As my preservice teachers have had the opportunity to work with a K/1 classroom this year, I've been thinking a lot more about early math games. Mostly I'm trying to tie these to the components of number sense.

**Number Sense**

In our class we discuss these as:

- one-to-one correspondence - as learners count, they have one (and only one!) number assigned to each object being counted.
- hierarchical inclusion - (worst name candidate) the idea that a number contains smaller numbers. If you have 6 you also have 5, etc.
- subitizing - visual recognition of quantities. Perceptual subitizing is immediate recognition of quantities, most commonly up to 5 or 6. Conceptual subitizing is visual chunking of a collection into smaller groups that can be perceptually subitized.
- cardinality - the center and core. Recognition of numbers as quantities, a characteristic of a collection that doesn't change with rearrangement. Kids can have most of these other concepts but still not have assembled them into cardinality.
- magnitude/comparison - both being able to directly compare quantities, and identify relative size - like locating where 7 is between 5 and 15.

**Divvy Up**(Counting, Hierarchical Inclusion) Materials: Number Cards

**More or Less**(Comparison, Strategy)

**More Together**(Counting on, addition, hiearchical inclusion, decomposition)

#### Staircase (Counting, counting on, hiearchical inclusion)

Materials: optional gameboard, a lot of stacking cubes and a die.

Play: roll a die, and build a stack of that many cubes, then roll another (or reroll) and add that many, with the two summands in different colors. Put them on your team’s track on the sum. If you already have that number, that’s okay, put it on the same space. Winner is the first to get three spaces in a row (make a staircase). Some students lay them down, some stand them up. Variation 1: If the three step game is too short, play to four or five steps. Variation 2: if you roll a sum you already have, you can choose to remove the same sum from your opponents’ board. (Increases interaction.) Variation 3: Playing with number cards 1-10. If you get a 1 or a 2 first card, you must take another. Otherwise it’s your choice. Bigger than 12 is a bust, you lose your turn. Probably best with a four or five step win condition, and can be combined with variation 2 as well. Lots of opportunity to notice and wonder. Notice the different ways to get the same sum, wonder how much you have together, notice that 2+5 is the same as 5+2, ask what you hope to get on that second die roll…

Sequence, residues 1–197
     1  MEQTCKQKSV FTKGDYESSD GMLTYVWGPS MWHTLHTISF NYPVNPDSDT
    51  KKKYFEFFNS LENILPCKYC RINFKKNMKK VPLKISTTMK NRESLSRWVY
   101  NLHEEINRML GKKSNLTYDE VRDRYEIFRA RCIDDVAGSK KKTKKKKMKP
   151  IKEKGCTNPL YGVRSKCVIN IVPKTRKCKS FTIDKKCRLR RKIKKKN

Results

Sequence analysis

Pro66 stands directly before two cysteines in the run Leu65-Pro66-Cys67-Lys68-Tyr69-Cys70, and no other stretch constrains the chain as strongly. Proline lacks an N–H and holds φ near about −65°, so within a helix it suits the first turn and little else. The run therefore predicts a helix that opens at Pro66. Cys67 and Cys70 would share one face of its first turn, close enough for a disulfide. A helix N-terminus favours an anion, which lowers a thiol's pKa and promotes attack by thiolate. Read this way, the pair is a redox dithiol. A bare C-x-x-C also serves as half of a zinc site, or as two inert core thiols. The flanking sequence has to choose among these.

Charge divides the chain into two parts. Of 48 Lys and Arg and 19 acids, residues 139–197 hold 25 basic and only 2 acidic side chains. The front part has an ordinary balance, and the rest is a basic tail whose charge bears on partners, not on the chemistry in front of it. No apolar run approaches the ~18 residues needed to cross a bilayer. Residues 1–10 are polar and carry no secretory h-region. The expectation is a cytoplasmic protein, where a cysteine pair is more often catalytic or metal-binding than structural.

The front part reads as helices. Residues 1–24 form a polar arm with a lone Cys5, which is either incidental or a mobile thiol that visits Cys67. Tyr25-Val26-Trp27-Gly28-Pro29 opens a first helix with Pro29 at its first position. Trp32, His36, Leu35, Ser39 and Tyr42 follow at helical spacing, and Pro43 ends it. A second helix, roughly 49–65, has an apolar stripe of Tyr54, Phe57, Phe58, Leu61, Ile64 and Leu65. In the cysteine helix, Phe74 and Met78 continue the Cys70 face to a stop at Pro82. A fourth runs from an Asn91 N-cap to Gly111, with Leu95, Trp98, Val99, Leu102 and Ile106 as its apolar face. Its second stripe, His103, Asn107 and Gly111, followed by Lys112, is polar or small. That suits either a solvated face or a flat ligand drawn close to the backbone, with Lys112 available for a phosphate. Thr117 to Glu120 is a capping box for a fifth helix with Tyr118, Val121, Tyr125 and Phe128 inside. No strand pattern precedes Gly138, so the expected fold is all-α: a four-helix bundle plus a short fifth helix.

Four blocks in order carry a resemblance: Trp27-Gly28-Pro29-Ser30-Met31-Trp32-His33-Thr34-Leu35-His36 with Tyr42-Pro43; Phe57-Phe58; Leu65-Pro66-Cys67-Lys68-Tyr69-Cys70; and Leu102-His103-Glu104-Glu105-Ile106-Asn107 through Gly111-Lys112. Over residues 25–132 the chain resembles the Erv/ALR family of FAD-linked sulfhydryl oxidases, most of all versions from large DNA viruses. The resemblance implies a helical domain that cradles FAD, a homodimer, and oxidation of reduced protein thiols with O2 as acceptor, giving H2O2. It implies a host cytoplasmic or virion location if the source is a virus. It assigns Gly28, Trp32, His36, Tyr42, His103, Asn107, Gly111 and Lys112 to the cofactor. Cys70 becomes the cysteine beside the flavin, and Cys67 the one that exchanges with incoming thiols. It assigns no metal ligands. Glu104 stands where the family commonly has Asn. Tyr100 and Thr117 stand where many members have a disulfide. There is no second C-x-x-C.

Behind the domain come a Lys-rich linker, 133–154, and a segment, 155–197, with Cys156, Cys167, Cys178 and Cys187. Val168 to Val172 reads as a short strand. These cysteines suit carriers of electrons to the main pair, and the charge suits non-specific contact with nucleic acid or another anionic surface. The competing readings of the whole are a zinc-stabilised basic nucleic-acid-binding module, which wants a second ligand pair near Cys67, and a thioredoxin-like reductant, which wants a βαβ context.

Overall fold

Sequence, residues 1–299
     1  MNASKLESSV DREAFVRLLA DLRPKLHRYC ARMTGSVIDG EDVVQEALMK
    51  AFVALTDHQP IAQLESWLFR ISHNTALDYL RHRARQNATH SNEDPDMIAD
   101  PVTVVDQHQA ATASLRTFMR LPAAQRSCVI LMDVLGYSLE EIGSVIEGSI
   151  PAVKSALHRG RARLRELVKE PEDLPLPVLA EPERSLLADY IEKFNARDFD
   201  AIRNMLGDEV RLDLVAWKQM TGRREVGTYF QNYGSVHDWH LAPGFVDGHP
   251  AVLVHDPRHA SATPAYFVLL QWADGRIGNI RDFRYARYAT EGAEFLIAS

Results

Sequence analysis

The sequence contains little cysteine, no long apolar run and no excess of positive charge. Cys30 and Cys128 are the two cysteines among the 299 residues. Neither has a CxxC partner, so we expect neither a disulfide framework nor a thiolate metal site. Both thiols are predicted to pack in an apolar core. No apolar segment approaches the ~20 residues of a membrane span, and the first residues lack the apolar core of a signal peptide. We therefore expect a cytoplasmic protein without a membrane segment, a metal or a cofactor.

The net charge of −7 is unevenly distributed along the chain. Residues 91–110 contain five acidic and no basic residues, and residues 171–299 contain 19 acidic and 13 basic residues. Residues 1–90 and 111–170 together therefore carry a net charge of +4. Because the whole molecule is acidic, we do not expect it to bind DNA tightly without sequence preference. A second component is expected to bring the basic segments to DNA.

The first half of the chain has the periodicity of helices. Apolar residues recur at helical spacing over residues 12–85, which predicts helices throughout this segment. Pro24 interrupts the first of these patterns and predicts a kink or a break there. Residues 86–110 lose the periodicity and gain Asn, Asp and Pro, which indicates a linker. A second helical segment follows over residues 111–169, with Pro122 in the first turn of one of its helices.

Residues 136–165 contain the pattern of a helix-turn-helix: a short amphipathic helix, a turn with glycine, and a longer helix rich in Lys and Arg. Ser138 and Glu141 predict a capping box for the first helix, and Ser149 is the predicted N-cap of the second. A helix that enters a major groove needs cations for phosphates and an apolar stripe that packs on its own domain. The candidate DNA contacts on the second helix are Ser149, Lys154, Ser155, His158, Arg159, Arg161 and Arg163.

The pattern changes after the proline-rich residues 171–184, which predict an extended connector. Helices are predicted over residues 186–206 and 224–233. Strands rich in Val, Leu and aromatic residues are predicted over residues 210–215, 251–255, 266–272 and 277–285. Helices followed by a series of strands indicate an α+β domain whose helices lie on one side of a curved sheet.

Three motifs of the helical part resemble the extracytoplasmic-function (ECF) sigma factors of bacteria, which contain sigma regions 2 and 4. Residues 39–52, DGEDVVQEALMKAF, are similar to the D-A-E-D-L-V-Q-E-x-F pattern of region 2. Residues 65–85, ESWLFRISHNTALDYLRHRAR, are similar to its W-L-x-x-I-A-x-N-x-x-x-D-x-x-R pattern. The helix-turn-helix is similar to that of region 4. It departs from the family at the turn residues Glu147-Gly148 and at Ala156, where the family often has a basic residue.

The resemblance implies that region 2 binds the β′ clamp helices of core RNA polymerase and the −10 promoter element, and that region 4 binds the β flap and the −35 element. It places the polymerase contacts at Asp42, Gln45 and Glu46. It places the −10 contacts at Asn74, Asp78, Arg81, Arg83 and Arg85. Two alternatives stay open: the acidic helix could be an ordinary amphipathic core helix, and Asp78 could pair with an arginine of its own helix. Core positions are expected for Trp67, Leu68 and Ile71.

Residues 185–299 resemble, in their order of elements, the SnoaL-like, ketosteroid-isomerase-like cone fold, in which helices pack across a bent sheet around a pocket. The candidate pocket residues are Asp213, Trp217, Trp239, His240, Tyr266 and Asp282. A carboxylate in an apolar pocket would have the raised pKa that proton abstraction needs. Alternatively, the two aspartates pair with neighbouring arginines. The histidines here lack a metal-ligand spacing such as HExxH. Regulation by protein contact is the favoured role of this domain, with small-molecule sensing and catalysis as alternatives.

**How many behind?**(Decomposing, hiearchical inclusion, part part whole stories) Materials: 10 (or 12!) unifix cubes.

**Big Three**(Magnitude) Materials: deck of number cards. Idea: Players start with 3 face down cards. On your turn, draw a card from the deck or the top card of the discard pile. Replace one of your face down cards with it. No peeking! The goal is to find the biggest cards you can. The card you replace is then discarded, even if it was a high card. When someone thinks they have the biggest cards, they call “Last Turn” and everyone else takes one more turn. Players add up their cards to see who has the Big Three. Option: need more challenge? Play Big Four!

**Moving to Story & Operation**

- Join. One quantity, increasing over the story. Unknown could be the start, the change or the result.
- Separate. One quantity, decreasing over the story. Unknown could be the start, the change or the result.
- Comparison. Two quantities, related by the difference between them. Unknown could be the referent, the difference or the compared quantity.
- Part Part Whole. Two quantities that are part of a group. Unknown could be either part or the whole.
- Grouping. A number of groups, each group with a number of things, and a total. If the total is unknown, it's multiplication; if the number in the group is unknown, it's fair share/partative division; if the number of groups is unknown, it's measure/quotative division.